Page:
Evolution of B Chromosomes: From Dispensable Parasitic Chromosomes to Essential Genomic Players

M. Johnson Pokorná and R. Reifová,  Frontiers in Genetics,  12:727570. 2021.

B chromosomes represent additional chromosomes found in many eukaryotic organisms. Their origin is not completely understood but recent genomic studies suggest that they mostly arise through rearrangements and duplications from standard chromosomes. They can occur in single or multiple copies in a cell and are usually present only in a subset of individuals in the population. Because B chromosomes frequently show unstable inheritance, their maintenance in a population is often associated with meiotic drive or other mechanisms that increase the probability of their transmission to the next generation. For all these reasons, B chromosomes have been commonly considered to be nonessential, selfish, parasitic elements. Although it was originally believed that B chromosomes had little or no effect on an organism’s biology and fitness, a growing number of studies have shown that B chromosomes can play a significant role in processes such as sex determination, pathogenicity and resistance to pathogens. In some cases, B chromosomes became an essential part of the genome, turning into new sex chromosomes or germline-restricted chromosomes with important roles in the organism’s fertility. Here, we review such cases of “cellular domestication” of B chromosomes and show that B chromosomes can be important genomic players with significant evolutionary impact.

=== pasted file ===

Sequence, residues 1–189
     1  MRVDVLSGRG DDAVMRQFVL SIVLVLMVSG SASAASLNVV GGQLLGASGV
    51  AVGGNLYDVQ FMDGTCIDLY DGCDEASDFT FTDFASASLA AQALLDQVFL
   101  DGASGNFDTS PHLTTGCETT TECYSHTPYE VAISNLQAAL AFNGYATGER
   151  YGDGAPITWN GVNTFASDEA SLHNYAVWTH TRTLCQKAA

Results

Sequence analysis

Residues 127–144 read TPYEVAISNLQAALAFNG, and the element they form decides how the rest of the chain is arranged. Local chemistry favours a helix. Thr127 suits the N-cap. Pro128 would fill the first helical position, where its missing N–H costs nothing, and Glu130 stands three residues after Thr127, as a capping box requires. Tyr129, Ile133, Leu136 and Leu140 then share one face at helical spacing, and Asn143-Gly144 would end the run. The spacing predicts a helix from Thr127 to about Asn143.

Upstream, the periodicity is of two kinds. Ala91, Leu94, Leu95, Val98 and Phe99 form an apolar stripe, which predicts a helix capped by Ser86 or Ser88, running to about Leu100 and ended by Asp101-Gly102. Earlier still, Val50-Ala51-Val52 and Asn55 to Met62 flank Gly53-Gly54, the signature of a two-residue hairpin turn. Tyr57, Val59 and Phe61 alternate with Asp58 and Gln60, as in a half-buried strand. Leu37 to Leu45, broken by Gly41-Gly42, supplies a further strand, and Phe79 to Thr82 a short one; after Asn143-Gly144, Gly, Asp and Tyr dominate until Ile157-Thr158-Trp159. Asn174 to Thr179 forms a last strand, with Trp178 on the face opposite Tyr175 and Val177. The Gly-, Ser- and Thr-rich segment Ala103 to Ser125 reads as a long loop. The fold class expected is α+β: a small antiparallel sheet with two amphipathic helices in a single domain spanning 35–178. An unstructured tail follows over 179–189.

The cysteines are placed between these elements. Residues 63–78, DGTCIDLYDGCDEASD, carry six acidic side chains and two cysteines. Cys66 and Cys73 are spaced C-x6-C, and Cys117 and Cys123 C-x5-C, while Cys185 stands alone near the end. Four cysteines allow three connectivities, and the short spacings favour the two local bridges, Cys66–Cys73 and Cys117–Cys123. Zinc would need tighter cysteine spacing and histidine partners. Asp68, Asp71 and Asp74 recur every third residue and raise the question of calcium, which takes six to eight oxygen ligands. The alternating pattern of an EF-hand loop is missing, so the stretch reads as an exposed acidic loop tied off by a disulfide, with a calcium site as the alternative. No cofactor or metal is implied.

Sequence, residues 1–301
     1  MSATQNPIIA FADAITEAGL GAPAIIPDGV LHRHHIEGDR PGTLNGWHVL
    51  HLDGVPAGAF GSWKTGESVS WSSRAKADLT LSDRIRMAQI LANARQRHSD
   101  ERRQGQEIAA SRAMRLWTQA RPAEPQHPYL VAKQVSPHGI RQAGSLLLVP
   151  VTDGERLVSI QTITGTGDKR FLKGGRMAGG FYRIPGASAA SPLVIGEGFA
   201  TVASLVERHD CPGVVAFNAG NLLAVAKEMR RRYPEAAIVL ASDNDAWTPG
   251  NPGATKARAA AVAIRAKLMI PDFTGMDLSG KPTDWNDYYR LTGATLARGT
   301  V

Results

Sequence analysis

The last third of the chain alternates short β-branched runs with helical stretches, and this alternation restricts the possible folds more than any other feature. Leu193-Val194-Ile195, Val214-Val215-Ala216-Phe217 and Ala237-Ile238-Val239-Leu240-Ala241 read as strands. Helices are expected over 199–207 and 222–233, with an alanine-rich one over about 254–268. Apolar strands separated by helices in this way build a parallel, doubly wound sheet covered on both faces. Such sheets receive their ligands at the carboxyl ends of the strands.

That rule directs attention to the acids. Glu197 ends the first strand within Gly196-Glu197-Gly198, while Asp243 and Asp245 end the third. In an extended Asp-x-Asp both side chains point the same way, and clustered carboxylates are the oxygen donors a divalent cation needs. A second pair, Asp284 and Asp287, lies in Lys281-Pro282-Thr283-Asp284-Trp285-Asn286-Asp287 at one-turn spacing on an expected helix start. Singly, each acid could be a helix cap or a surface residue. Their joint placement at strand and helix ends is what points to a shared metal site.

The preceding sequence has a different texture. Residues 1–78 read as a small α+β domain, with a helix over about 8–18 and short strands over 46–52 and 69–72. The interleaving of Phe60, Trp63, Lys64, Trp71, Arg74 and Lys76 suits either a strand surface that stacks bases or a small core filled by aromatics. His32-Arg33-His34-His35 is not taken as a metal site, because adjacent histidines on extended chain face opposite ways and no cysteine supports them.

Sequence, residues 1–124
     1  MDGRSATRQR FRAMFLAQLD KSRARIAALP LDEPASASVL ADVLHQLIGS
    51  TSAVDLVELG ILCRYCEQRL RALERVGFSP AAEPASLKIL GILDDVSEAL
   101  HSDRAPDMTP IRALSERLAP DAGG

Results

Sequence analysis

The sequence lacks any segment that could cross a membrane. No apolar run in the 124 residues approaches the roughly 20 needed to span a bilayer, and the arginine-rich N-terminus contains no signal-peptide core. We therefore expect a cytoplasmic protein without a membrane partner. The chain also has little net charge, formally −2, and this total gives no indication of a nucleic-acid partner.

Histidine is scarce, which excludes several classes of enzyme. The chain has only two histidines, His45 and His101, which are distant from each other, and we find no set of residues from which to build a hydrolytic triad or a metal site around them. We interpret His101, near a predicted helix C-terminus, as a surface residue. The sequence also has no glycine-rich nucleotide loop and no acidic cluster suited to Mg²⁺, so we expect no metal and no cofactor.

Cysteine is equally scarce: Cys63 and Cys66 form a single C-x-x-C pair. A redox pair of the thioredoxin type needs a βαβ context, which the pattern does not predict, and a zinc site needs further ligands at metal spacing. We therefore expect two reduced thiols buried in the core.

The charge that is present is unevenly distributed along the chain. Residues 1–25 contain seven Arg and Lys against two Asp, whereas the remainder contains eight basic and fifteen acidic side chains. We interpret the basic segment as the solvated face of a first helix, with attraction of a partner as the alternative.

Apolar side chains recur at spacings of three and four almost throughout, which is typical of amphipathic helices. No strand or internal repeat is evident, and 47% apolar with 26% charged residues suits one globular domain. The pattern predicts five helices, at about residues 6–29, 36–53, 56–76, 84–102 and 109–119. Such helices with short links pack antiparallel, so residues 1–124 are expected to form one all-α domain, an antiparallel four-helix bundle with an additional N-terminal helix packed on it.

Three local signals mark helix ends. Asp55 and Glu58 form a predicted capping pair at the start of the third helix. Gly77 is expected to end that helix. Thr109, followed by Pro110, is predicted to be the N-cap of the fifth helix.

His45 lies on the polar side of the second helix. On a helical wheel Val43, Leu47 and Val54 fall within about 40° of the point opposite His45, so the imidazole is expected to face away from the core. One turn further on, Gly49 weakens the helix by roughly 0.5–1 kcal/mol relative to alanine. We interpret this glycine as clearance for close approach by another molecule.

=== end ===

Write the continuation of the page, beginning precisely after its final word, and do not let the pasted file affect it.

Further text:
Depiction of transmission mechanisms of B chromosomes. (A) and (B) represent meiotic drive. (A)–female meiotic drive where the B chromosome segregates preferentially into the egg, (B)–male meiotic drive where sperms without B do not survive. (C) and (D) represent mitotic drive associated with gonotaxis where  B chromosomes preferentially segregate into the germline (C)–premeiotic mitotic drive during early embryo development when the germline is being determined,  (D)–postmeiotic mitotic drive in plants during gametophytic phase. Blue represents B chromosomes and grey represents A chromosomes.

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